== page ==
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Cash is king

The economic news affecting the sector is unlikely to improve in the short term, with reports of further company failures and the Construction Products Association predicting a 12 per cent fall in construction output this year – the worst year on record. 

With a further fall projected next year of approximately 3.4 per cent, this equates to around £12.5 billion of work being stripped away in the two years to 2010.

Yet, despite this doom and gloom corporates need to find ways of continuing to operate successfully; to steer themselves through the minefield of potentially falling orders and stagnant or worsening economic conditions.

Some factors can be outside your control but one of the primary reasons a corporate gets into financial difficulties is because it focuses on the sales lines but neglects the nuts and bolts of day to day management of that most essential commodity… cash.

Banks are obviously here to try to support the business community with their cash flow.  However by relying solely on your bank you are potentially placing crucial decisions about the management of your business into the hands of third parties.

It is therefore essential that every business undertakes the right actions to get its own finances in order, to enable it to at least have some control over its own destiny and at least prove to its financers that it is doing its best to protect its cash.

There are a number of simple housekeeping measures that every business should consider to preserve cash in these difficult days – this is not rocket science but a simple checklist to be undertaken by every finance team:

  • Procurement – Make sure you review how you spend your money. Are you paying cash for items that could be financed in a cost effective way for instance via leasing? How do you pay for everyday items like stationery, travel expenses etc? Are these cash purchases or could you use a purchasing card to obtain payment terms and to preserve your day-to-day cash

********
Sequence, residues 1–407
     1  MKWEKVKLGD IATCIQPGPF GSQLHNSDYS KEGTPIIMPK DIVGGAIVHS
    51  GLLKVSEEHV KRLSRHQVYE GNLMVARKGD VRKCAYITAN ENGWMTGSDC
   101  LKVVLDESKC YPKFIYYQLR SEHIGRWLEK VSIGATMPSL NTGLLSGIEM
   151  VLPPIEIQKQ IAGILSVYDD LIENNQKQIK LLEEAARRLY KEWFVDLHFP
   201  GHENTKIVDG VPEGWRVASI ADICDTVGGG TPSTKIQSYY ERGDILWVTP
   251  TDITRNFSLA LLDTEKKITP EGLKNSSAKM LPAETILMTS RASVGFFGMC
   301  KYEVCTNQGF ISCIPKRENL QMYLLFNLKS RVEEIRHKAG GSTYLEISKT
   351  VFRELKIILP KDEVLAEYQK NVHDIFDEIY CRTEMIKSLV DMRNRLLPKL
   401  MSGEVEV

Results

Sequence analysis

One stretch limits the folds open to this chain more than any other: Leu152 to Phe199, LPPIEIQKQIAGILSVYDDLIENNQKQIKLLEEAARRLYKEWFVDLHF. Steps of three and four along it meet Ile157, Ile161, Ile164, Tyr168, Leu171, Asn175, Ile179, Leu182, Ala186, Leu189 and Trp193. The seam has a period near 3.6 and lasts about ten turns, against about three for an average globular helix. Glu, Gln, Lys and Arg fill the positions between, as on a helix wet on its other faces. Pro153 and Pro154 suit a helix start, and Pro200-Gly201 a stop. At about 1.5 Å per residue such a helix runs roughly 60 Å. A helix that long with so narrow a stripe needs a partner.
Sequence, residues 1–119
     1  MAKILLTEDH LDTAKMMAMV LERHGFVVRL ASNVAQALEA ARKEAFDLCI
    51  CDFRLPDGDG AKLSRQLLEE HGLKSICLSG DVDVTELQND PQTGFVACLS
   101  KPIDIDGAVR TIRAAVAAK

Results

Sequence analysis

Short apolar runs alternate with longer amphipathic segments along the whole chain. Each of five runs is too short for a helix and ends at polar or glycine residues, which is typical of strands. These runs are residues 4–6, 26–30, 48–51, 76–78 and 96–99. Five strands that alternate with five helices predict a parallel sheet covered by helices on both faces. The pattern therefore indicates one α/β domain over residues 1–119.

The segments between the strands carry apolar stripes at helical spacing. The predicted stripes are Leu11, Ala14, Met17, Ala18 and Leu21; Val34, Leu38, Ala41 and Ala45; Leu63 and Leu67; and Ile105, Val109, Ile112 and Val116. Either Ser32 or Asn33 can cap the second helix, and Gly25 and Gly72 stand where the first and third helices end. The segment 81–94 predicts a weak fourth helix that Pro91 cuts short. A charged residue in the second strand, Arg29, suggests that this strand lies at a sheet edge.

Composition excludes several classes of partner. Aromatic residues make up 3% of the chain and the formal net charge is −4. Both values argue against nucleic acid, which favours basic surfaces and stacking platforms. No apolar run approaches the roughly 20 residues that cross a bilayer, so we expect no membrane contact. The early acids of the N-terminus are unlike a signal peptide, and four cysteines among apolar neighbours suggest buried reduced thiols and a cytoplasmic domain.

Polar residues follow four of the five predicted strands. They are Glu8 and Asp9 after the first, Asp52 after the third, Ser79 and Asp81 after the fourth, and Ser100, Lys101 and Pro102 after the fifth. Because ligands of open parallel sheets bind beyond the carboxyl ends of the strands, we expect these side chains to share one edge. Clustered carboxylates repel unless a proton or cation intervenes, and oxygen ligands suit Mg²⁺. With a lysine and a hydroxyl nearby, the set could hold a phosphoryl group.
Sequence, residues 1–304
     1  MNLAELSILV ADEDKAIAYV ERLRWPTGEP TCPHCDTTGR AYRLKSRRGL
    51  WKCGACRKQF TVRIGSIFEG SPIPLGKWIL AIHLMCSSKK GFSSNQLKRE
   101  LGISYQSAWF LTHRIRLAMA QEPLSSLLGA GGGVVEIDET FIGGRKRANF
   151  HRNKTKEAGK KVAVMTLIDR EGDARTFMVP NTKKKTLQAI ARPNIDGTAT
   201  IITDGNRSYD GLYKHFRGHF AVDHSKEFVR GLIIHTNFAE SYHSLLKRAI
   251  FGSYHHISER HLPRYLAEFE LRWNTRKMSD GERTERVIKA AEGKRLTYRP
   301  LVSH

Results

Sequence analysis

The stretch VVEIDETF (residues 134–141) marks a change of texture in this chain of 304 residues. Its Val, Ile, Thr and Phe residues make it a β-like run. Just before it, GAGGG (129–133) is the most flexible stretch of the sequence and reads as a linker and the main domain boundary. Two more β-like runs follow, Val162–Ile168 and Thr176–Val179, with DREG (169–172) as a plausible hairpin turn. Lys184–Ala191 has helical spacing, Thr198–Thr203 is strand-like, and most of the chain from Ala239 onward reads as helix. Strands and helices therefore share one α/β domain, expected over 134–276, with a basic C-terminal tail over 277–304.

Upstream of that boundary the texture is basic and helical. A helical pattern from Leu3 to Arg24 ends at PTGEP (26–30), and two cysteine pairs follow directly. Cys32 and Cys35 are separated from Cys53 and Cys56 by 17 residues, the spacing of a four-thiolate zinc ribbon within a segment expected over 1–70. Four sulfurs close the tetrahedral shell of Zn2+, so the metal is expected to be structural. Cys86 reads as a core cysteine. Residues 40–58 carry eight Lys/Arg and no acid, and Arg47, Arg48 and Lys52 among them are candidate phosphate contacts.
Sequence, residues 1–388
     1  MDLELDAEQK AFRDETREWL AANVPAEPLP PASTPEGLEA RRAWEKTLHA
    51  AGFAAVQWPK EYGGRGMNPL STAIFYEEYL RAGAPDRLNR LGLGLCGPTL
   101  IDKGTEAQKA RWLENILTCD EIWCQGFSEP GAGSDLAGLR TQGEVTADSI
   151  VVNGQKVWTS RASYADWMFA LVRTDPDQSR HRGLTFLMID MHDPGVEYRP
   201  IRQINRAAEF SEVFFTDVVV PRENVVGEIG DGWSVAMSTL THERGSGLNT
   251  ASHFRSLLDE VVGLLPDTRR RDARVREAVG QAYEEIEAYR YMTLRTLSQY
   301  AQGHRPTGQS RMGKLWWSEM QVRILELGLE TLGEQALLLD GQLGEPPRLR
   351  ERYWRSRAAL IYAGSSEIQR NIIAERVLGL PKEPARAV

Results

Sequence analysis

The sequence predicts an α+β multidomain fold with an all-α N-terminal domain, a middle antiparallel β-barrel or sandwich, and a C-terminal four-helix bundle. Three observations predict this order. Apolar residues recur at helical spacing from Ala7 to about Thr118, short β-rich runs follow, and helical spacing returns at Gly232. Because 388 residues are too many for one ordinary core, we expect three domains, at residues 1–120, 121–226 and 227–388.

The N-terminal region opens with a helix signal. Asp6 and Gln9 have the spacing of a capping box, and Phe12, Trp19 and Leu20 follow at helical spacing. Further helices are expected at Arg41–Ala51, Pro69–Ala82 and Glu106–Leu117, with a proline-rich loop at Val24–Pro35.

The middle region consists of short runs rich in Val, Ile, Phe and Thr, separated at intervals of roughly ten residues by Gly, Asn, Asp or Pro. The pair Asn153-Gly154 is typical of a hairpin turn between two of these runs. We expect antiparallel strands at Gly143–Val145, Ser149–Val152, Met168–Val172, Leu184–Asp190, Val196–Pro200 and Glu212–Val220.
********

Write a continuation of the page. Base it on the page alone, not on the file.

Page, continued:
• Supplier terms – Is there an opportunity to negotiate extended credit terms with suppliers? By extending terms from 30 to 40 days on an average £1,000,000 of supplier payments you would free up over £300,000 of cash for the business.
  • Debt Collection – make sure you are persistent about collecting money due to you. Businesses need to ensure they have robust systems to chase payments when due and follow up on all promises made by debtors. Customers tend to pay those people who pester them religiously.
  • Cash Management – Do you have money tied up in subsidiaries/JV’s/overseas accounts which can be repatriated to your main bank accounts. Talk to your bank about how you can use electronic systems to bring back dormant cash into your main accounts to boost available cash or repay outstanding debt.

These are just a few things a business can do to improve its cash position.  Most important however is to make sure you are in regular dialogue with your bankers about your ongoing cash flow. It’s key to engage in early conversations with your bank and advisors to ensure you choose the right funding solution to meet your business requirements.  And ideally this needs to be a banker who has some understanding of what you do through detailed knowledge of the sector in which you operate, otherwise they could gain a misleading picture from the news headlines. At the present time, that generally isn’t very good. 

Sean Dixon is head of construction services at the Royal Bank of Scotland

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